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What’s in a Name? Branding Punch in Cairo, 1908

Part of the Transcultural Research – Heidelberg Studies on Asia and Europe in a Global Context book series (TRANSCULT)

Abstract

In February 1908, a double-page colour cartoon appeared in the new Cairo-based journal al-Siyāsa al-musawwara (politics illustrated, founded December 1907). Reflecting on the ‘press wars’ in Cairo at the time, the cartoon features men in fezzes and coats (and one in a turban and abāya) representing editors of leading nationalist and anti-London newspapers—al-Liwāʾ (founded 1890, Mustafa Kamil), al-Muʾayyad (founded 1889, ʿAli Yusuf), and al-Minbār (founded 1906, Hafiz ʿAwad). Marching in procession, each bears a banner on which the title of his newspaper is stamped in Arabic and English. They head in the direction indicated by a sign saying ‘To the Way of Independence [sic] and Lyberty [sic]’ (in both English and Arabic). To the right, a beast with cloven hooves and three human heads (ears pointed) carries three flags with small Union Jacks on them. The heads face in three directions, straining against each other. One faces a sign saying ‘To the way of protection’—in Arabic, himāya, meaning also the ‘Protectorate’. This was the fiction by which London named its occupation of Egypt, which had lasted for a quarter century. One of the triple Union Jack flags bears the name AL MOKATTAM (al-Muqattam)—a newspaper slammed in the nationalist press as funded by and supportive of the British occupation.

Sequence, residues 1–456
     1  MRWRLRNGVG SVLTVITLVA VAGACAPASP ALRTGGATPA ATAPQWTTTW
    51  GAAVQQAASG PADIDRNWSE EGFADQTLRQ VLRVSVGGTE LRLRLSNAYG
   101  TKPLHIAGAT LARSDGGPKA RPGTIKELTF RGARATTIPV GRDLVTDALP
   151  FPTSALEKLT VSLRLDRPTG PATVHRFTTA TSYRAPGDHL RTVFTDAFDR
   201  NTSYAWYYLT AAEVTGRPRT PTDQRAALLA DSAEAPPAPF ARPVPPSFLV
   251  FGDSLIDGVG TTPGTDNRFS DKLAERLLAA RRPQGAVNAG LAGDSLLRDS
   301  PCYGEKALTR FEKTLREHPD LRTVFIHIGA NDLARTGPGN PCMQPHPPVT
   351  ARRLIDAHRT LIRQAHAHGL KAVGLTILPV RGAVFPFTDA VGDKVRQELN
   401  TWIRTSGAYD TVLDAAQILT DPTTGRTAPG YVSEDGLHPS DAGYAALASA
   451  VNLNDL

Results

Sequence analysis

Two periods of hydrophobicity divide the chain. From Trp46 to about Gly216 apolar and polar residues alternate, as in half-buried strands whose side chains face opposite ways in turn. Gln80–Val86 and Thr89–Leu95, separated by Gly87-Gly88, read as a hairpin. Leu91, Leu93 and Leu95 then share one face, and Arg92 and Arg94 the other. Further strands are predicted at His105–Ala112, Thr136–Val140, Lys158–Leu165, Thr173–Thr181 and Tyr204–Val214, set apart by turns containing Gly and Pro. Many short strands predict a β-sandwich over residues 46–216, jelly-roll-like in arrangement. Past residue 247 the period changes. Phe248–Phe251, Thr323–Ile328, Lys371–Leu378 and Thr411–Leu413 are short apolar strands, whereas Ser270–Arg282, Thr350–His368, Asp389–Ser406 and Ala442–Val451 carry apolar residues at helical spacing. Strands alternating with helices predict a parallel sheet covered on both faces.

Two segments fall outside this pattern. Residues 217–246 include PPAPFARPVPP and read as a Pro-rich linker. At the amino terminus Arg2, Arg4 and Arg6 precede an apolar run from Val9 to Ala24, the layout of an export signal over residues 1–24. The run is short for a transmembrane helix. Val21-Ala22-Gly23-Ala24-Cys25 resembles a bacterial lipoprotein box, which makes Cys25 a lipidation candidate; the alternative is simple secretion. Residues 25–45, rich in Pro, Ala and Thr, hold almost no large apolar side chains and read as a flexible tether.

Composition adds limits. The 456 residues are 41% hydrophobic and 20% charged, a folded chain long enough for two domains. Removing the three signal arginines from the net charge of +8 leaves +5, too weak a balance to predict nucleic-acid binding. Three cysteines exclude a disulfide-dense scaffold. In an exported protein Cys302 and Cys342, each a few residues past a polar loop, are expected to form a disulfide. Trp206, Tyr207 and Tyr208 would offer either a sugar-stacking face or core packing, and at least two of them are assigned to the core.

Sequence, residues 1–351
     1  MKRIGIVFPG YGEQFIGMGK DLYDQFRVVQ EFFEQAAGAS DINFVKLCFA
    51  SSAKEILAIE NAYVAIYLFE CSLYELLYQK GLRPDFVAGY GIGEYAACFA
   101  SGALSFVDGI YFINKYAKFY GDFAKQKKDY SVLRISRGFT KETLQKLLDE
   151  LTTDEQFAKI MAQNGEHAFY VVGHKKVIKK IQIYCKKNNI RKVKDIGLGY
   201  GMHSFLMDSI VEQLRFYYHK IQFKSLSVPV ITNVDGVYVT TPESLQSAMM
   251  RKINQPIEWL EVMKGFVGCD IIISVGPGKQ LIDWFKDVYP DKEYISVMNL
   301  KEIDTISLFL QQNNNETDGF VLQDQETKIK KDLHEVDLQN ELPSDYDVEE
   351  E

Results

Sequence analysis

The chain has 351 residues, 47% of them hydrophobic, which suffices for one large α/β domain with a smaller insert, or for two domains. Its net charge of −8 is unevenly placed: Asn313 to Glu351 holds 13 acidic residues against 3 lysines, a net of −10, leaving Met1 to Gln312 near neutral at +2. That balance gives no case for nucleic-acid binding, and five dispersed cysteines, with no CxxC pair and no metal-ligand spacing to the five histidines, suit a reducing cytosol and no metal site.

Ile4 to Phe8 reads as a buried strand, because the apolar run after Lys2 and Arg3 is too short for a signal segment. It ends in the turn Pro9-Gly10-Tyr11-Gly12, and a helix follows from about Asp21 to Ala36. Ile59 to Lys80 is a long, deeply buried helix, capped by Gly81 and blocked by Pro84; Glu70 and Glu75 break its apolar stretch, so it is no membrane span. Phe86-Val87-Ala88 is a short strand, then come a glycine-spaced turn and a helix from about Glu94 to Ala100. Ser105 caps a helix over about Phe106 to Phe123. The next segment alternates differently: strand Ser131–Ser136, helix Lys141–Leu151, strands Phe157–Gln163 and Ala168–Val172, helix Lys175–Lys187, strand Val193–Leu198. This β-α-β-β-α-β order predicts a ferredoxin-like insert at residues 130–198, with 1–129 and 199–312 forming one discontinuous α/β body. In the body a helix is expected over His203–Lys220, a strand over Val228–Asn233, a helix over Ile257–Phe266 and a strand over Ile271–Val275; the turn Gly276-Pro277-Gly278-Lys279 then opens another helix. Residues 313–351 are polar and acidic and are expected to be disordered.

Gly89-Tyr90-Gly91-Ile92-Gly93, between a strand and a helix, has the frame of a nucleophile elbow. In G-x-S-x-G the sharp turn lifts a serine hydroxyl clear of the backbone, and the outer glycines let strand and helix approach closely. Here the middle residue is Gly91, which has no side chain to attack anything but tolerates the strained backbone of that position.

Keywords

  • Arab World
  • Local Politics
  • International Politics
  • Local Audience
  • Graphic Cartoon

These keywords were added by machine and not by the authors. This process is experimental and the keywords may be updated as the learning algorithm improves.

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Notes

  1. 1.

    Al-Minbār was co-founded by Muhammad Masʿūd, but the better known ʿAwad is likely to be the editor portrayed.

  2. 2.

    The 37 issues I have studied are held in the Hoover Institution Library, Stanford University, Stanford, California, USA. I thank the staff, particularly Paul H. Thomas, Librarian, for help, efficiency and generosity in providing me with material, which I reproduce here with the Library’s knowledge. The copyright holders of this publication are untraceable. The US Library of Congress holds posters/covers from later years, as late as 1913. I am grateful to Yasemin Gencer for this information and to Eliane Ettmüller for putting me in contact with her, as well as alerting me to the mention of this journal that set me off on this detective spree. I am indebted as well to colleagues who have helped me with far-flung references or read a version of the chapter: Tony Gorman, Hans Harder, Sonja Hotwagner, Brian Maidment, Barbara Mittler, and I-Wei Wu. I am grateful to Anne Moßner for her careful editing.